Texas death row inmate pulls out eye, eats it

HOUSTON – A Texas death row inmate with a history of mental problems pulled out his only good eye and told authorities he ate it. Andre Thomas, 25, was arrested for the fatal stabbings of his estranged wife, their young son and her 13-month-old daughter in March 2004. Their hearts also had been ripped out. He was convicted and condemned for the infant’s death.

While in the Grayson County Jail in Sherman, Thomas plucked out his right eye before his trial later in 2004. A judge subsequently ruled he was competent to stand trial.

A death-row officer at the Polunsky Unit of the Texas Department of Criminal Justice found Thomas in his cell with blood on his face and took him to the infirmary.

“”Thomas said he pulled out his eye and subsequently ingested it,” agency spokesman Jason Clark said Friday.

Thomas was treated at East Texas Medical Center in Tyler after the Dec. 9 incident. Then he was transferred and remains at the Jester Unit, a prison psychiatric facility near Richmond southwest of Houston.

“He will finally be able to receive the mental health care that we had wanted and begged for from day 1,” Bobbie Peterson-Cate, Thomas’ trial attorney, told the Sherman Herald Democrat. “He is insane and mentally ill. It is exactly the same reason he pulled out the last one.”

At his trial, defense lawyers also argued he suffered from alcohol and drug abuse.

Thomas does not have an execution date.

The Texas Court of Criminal Appeals in October upheld his conviction and death sentence for the death of 13-month-old Leyha Marie Hughes. Also killed March 27, 2004, were his wife, Laura Christine Boren, 20, and their son, 4-year-old Andre Lee.

Thomas, from Texoma, walked into the Sherman Police Department and told a dispatcher he had just murdered the three and had stabbed himself in the chest.

Thomas told police how he put his victims’ hearts in his pocket and left their apartment, took them home, put them in a plastic bag and threw them in the trash.

Court documents described the three victims as having “large, gaping wounds to their chests.”


I am sooo close to calling this man my hero.

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7 thoughts on “Texas death row inmate pulls out eye, eats it

  1. I dunno about the death penalty, but prison needs to be tougher on it’s prisoners ala lose rights that should be privileged. No more gangs within prison, no more crimes within prison and no more being a kingpin to the criminals outside of prison. Obviously making prison some sort of strict place with rules where felons can congregate with one another is not working.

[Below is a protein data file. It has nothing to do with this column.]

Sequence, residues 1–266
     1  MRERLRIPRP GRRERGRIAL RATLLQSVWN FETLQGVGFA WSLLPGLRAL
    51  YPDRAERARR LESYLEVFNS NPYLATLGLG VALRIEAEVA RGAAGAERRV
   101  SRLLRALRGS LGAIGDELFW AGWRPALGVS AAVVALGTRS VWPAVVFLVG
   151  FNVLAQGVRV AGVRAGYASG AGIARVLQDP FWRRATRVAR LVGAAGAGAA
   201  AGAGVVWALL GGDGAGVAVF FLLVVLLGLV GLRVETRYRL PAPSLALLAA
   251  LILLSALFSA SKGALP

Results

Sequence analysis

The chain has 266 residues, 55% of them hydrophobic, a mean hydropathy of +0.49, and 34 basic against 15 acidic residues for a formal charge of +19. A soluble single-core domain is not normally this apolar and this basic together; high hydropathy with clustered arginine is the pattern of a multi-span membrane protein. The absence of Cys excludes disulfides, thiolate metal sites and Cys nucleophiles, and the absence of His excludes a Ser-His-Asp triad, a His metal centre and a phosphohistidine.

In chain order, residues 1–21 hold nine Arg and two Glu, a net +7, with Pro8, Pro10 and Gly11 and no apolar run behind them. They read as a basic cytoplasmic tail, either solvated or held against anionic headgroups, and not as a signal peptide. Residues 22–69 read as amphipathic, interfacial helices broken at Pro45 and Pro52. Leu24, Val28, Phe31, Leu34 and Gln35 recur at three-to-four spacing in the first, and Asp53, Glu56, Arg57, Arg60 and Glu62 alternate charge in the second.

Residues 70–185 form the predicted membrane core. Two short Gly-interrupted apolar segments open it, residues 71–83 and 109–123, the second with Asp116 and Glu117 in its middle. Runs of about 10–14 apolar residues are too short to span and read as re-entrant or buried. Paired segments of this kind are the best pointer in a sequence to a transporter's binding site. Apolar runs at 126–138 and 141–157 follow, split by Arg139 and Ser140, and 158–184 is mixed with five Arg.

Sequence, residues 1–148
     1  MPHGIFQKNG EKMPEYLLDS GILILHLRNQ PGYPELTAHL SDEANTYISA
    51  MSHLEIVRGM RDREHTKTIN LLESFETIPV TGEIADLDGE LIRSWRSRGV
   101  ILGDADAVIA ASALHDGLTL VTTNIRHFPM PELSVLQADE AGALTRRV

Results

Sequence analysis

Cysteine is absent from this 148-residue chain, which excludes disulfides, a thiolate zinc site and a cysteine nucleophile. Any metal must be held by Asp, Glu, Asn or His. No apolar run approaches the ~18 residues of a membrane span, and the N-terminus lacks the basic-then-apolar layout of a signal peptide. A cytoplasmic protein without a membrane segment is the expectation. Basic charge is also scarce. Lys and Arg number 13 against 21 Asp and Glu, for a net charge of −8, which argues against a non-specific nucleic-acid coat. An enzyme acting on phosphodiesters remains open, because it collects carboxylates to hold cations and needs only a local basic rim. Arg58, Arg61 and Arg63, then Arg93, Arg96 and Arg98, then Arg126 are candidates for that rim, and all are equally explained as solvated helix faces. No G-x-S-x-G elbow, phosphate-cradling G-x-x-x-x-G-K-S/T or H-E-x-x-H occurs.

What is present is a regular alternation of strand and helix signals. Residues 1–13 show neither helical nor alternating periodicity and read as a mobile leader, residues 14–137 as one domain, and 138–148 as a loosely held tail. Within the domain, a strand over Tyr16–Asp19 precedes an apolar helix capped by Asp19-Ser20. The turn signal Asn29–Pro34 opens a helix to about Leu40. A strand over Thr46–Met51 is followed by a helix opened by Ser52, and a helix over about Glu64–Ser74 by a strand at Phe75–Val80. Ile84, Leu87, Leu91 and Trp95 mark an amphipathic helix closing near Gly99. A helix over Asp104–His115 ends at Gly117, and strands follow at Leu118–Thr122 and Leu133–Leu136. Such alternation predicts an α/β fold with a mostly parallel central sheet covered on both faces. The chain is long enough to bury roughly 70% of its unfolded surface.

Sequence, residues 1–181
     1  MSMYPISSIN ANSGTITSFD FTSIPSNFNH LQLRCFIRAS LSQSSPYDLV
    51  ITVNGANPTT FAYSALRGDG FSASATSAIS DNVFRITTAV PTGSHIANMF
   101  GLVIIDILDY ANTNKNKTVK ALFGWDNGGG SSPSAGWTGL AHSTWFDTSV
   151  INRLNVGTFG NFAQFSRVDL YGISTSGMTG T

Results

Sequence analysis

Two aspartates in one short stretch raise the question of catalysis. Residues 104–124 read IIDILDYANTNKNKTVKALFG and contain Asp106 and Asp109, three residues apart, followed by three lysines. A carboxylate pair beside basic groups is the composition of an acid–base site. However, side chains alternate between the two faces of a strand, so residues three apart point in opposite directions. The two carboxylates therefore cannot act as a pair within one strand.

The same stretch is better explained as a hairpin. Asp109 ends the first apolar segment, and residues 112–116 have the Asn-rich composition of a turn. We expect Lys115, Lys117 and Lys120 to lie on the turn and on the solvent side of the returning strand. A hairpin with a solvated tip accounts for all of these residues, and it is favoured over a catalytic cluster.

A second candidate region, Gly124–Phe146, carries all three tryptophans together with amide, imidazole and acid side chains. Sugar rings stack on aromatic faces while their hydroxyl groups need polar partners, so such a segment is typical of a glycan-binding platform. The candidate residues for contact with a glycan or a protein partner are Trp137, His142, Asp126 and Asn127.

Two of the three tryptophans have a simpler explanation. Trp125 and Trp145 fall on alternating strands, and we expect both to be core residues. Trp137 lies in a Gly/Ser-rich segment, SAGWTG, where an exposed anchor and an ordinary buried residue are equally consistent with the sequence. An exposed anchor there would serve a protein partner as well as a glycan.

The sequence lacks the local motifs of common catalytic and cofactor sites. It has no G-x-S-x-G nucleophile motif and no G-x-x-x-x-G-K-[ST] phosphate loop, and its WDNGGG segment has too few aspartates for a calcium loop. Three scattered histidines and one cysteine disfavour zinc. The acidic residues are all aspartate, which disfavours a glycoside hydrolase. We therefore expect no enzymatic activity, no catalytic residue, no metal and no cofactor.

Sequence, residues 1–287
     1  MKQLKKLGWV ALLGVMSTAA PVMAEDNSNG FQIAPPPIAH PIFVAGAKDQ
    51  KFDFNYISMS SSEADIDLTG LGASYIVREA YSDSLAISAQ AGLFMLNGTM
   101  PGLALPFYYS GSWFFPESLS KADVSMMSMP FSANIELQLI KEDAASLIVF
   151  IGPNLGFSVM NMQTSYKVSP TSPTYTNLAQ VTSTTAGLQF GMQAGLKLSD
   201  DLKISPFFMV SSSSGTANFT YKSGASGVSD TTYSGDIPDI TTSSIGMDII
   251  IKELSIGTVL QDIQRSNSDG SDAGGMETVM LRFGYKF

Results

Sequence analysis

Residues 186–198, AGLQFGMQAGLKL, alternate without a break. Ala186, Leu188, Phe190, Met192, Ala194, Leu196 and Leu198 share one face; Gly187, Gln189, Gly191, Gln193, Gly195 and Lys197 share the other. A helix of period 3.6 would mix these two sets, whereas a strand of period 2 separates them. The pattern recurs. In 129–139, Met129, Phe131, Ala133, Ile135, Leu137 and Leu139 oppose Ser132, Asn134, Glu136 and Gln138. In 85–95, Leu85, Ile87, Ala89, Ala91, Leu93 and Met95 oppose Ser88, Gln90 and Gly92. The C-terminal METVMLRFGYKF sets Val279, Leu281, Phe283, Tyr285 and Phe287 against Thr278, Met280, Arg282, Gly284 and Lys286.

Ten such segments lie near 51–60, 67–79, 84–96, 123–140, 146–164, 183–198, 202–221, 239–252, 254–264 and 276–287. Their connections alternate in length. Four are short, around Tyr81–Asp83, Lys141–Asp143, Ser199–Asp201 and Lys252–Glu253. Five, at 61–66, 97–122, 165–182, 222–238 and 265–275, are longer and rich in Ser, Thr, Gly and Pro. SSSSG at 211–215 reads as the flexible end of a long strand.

And people like this guy deserve a straight jacket in a mental ward.

    Only pissed because California is going to release prisoners into the world due to overcrowding and growing deficit. Which will work wonders with the dwindling police force.

    Okay rant is over.

  2. @Puulaahi: What you’re talking about is nearly impossible, actually it is totally impossible. Inmates are people and notoriously difficult to control. You’d think it would be easy, but it’s not. They spend 24/7/365 figuring out ways to get around the system. Even in segregation or ASIA they fond ways to so what they want. It comes down to one rule really. It is one of the responsibilities of the prison system and it’s employees to protect inmates from each other. This forces staff interactions w/ inmates. Wherever you have have interaction, problems arise and the kind of total control you’re looking for disappears..

  3. @nyokki: Compared to other countries our prisons are a cake walk. They are so difficult to control because the prisoners have so much freedom within the prison and are treated like people. I am just saying if our prisons were harsh and perhaps even inhumane like other countries, our prisons would not be overcrowded and criminals would think twice before committing a crime.

  4. @Puulaahi: We’re also the only country that incarcerates its non-violent offenders (possession) w/ violent repeat offenders (assault). The officers are then put in the position of having to protect the inmates from each other. I’m tellin’ ya, hubby worked in MD State prison system for 20 years. There is no real fix for the situation we find ourselves in. It will be several years (prolly decades) before a serious reform of the legal/penal system happens.
    All that said, it will take a lot of people to change their thinking about what an inmate is and what his/her rights are before anything can change.

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